Solar Power – Am I missing Something?

Solar Power – Am I missing Something?

Lauren PesinMonday,23 March 2015

It’s certainly arguable that as a society we are generally more aware of what impact humans have on the environment. Going green is chic now and growing in popularity, steadily slipping into different facets of our lives, ranging from organic foods to green appliances and electric cars. It’s no wonder that we see an increase in the amount of people considering solar panels to meet their energy needs, ultimately installing them on their homes. This trend is not restricted to the sunnier states of California and New Mexico, but is making significant inroads in states such as Michigan and Massachusetts.

This trend made me seriously consider why this is happening and whether I should install solar panels.

Do we care about the environment or are we just cheap?

In the United States, solar power for your house used to be prohibitively expensive, but now due to availability, lower manufacturing costs, and perhaps increased demand, more and more people are using solar power.

First, I’m curious to know if it actually does save people money. From talking to solar power users and researching online, I found that the answer depends on a variety of factors.

Cost savings depends on where you live (for rate of sunshine and tax incentives); if you buy or lease; how much you pay for energy costs currently; the position, size, location, and the panels you get on your specific home; and how long you are willing to wait for a return on your investment.

Local solar energy dealers will obviously provide a more accurate prediction of the cost and savings for you.

However, some studies indicate (at least currently) that the difference between solar and traditional electricity costs is often minimal. That may change as traditional energy costs continue to rise. Currently, if you pay up front to purchase the equipment instead of leasing–which is usually the only way to get federal tax breaks–it can take 10 to 20 years to recoup your investment.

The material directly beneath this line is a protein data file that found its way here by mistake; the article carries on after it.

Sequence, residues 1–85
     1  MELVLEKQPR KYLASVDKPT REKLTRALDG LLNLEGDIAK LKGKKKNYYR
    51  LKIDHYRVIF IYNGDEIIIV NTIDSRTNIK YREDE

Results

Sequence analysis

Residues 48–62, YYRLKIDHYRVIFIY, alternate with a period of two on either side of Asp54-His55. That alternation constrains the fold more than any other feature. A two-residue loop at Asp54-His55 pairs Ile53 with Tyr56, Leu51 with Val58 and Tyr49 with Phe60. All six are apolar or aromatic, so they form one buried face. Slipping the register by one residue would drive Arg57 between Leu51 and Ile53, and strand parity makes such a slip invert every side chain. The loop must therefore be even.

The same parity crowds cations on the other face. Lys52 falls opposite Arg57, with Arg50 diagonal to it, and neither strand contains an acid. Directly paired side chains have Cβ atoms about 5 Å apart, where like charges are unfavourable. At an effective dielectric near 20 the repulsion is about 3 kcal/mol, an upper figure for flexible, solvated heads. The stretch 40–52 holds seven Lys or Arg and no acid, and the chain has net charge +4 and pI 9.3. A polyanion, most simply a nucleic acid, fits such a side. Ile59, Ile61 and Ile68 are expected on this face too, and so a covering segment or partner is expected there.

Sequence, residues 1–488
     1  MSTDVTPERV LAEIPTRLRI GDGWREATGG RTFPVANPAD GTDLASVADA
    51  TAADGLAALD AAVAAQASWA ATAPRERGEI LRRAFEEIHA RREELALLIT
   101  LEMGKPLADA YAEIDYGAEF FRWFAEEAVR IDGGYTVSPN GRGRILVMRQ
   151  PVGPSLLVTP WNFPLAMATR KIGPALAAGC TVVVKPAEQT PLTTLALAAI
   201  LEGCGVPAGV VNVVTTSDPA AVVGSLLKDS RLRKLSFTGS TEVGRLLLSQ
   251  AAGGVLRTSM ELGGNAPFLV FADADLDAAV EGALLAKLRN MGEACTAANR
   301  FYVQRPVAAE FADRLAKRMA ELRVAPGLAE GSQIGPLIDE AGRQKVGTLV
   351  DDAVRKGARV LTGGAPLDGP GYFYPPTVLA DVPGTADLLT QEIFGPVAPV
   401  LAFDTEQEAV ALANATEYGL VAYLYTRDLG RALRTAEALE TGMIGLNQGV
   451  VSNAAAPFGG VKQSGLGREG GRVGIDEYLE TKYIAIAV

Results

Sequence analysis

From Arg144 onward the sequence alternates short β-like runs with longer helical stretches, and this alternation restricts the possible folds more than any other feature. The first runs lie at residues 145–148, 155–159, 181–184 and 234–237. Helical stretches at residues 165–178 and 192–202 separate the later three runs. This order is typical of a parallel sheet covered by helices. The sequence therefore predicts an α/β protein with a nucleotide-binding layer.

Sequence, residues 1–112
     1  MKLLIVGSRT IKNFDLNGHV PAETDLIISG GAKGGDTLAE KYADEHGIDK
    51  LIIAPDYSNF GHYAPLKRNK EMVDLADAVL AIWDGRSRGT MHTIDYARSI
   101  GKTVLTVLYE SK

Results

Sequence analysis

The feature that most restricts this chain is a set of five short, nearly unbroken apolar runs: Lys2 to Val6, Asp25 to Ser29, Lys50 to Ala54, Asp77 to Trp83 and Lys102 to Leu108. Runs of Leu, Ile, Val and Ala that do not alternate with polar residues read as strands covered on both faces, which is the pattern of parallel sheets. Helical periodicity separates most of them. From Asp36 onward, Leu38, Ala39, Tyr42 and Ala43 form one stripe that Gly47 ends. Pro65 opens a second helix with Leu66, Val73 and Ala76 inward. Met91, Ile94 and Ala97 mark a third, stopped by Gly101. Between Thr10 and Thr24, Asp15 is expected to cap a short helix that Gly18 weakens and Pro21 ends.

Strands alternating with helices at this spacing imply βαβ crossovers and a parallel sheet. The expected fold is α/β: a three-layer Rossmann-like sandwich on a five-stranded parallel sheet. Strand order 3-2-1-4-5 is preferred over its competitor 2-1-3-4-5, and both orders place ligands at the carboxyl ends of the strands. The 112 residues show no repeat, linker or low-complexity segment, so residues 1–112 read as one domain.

So if the cost savings are debatable, is the possibility of saving money and the thought that we may not have to pay an energy company every month enough to make us try solar energy?

A random poll of friends, solar users, and the Internet indicates saving money, or even the possibility of it, is actually a legitimate reason for many people.

Solar power has grown primarily from state support. For example, California heavily encourages solar power through state mandated renewable energy requirements and long-term contracts to guarantee no cost increases. There have been attempts to increase the benefits and requirements for renewable energy in the U.S. as a whole at the federal level. However, policymakers have deemed related tariffs and renewable purchase requirements as, “unworkable in the United States due to the way electricity is regulated.” We’ll see how that turns out.

As far as how much we care about the environment goes, the answers vary though self-interest is more often than not the driving force as opposed to idealism.

There may be exceptions but in general, people do what they can when they can to be green, as long as it benefits them. Solar panels are no different. Unless people think they can save money, they don’t do it, altruism be damned.

I don’t know about you, but for now, I’m not convinced to harness the power of the sun. For now, I’ll just enjoy the warmth.

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Image Credit: Flickr



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